Helpful CBS Lawyers Explain the Many, Many Ways a Star Trek Fan Film Is Ripping Them Off

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Remember how CBS is suing to prevent the crowdfunded fan film Axanar from being completed? Now the channel is suing the filmmakers even harder. CBS’s lawyer have submitted 28 pages of documents detailing every possible thing that they claim Axanar infringed on, alleging basically every type of copyright infringement known to man.

After CBS originally filed its motion last December, the defendants—the makers of Axanar—asked for more specificity. Which of the many, many copyrighted parts of Star Trek material were they being accused of infringing on?


Since lawyers love nothing more than responding to those kinds of queries by throwing a giant pile of documents straight into your face, that’s exactly what happened. Twenty-eight pages show original the Star Trek on one side and Axanar on the other, so that even a judge who has managed to never even heard of Star Trek could understand their claim.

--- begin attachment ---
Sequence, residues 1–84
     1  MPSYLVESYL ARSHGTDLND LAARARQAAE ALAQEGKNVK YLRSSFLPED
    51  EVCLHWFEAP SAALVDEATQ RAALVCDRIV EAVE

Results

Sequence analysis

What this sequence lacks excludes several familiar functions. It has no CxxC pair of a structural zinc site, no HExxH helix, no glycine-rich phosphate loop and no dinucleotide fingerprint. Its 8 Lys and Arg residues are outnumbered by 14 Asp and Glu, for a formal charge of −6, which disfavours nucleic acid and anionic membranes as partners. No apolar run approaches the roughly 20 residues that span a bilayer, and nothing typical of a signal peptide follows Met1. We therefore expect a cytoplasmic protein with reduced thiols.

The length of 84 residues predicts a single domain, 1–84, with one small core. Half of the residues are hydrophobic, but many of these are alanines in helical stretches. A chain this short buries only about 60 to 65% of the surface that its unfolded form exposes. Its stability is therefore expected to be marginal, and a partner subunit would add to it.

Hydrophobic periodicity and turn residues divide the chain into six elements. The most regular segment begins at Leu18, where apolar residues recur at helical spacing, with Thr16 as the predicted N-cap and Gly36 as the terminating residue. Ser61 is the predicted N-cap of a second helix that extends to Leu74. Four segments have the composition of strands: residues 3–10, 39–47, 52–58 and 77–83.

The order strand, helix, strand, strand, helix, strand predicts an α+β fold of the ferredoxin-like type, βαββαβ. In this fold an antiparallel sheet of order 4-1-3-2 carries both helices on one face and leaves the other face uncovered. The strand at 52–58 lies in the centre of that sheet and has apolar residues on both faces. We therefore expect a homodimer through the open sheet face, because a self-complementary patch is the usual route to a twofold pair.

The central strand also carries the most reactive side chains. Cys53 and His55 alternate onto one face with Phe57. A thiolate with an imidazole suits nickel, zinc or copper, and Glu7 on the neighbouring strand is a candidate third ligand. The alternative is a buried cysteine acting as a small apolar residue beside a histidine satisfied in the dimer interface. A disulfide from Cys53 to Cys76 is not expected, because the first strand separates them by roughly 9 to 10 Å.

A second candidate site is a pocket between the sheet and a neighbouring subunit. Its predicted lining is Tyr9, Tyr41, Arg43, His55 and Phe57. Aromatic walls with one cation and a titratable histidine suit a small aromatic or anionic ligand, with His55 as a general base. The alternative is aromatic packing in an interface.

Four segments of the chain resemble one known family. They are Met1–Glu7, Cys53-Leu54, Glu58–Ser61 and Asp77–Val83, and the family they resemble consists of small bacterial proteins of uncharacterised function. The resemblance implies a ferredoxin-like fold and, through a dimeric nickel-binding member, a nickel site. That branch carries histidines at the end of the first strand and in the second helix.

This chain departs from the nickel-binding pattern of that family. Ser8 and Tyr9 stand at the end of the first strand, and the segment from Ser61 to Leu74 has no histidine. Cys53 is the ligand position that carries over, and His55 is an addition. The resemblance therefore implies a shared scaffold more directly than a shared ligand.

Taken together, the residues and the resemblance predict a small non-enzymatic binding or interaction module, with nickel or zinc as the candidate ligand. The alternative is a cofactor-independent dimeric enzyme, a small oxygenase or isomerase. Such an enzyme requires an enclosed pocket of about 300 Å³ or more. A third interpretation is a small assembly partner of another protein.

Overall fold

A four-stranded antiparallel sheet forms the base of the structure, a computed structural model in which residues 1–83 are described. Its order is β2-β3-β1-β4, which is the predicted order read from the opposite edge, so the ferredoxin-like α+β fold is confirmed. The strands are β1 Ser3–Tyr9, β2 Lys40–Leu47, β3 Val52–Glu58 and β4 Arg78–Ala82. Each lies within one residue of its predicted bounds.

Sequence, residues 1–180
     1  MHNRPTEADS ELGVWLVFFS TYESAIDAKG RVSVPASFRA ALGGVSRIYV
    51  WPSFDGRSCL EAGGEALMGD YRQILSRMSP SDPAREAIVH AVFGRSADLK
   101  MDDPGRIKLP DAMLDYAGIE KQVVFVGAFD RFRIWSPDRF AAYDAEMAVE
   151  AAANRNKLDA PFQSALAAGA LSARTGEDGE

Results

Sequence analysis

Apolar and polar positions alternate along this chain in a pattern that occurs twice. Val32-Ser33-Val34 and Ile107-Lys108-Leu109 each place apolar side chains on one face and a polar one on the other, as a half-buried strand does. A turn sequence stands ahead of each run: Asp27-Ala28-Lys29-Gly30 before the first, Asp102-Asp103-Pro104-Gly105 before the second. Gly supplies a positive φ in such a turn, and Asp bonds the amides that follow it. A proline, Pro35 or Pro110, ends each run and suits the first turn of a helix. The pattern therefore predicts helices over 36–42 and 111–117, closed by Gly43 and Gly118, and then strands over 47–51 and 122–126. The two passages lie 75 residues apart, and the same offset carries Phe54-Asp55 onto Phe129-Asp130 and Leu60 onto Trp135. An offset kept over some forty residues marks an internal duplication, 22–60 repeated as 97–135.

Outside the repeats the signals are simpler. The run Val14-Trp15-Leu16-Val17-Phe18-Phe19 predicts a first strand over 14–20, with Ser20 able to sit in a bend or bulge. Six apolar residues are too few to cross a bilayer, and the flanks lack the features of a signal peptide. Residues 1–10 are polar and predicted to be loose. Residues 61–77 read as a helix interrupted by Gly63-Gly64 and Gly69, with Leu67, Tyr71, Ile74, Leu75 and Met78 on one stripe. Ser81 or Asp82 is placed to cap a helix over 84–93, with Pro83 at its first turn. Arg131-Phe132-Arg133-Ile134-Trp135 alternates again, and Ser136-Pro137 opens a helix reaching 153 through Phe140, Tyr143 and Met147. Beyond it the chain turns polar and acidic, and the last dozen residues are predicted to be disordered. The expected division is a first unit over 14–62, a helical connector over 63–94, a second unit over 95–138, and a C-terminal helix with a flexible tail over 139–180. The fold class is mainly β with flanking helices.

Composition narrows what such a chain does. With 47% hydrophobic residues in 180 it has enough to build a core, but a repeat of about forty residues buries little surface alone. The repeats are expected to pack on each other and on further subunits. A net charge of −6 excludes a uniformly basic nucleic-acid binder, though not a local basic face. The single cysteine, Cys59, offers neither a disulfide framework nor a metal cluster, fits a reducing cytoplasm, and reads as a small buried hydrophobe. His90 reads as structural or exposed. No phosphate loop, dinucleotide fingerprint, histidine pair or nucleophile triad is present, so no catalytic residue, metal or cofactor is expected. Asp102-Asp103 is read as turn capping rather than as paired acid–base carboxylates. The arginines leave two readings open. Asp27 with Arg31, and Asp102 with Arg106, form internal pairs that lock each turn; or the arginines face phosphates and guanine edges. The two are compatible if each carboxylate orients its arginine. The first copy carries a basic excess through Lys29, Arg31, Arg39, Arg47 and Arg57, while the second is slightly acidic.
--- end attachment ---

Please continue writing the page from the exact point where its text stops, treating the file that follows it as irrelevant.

The 28 pages of examples range from specific names to broad conceptual notions of Star Trek. I don’t know many legal documents that have a side-by-side comparison of Vulcan ears, for example:


The costume bits don’t sound too damning, until Axanar’s perfect replicas are placed next to stills from the shows. “Uniform with Gold Shirt” sounds like a pretty basic concept, but the outfits worn in Axanar outfit still look a lot like the uniforms worn by Kirk. The most weirdly specific costume bit has to be “Triangular medals on uniform”:


More than once, CBS lists stardates as a copyrighted element. And, of course, how can else anyone speak Klingon, since CBS owns the copyright on the language? (By the way, this lawsuit should be read in the original Klingon, for full effect.)

In case you were wondering what the legal mood and theme of Star Trek was, the amended document describes it as “Science fiction action adventure,” defined thusly:

The mood and theme of Star Trek as a science fiction action adventure first appeared in The Original Series episode “The Cage” (Reg. No. PA 314-430), and has appeared in all subsequent episodes of The Original Series and other derivative Star Trek Copyrighted Works


Honestly, I’d take someone to court over the assertion that the mood and theme of Star Trek is anything that simple.

Here’s the whole amended complaint, if you wish to peruse it:


[The Hollywood Reporter]

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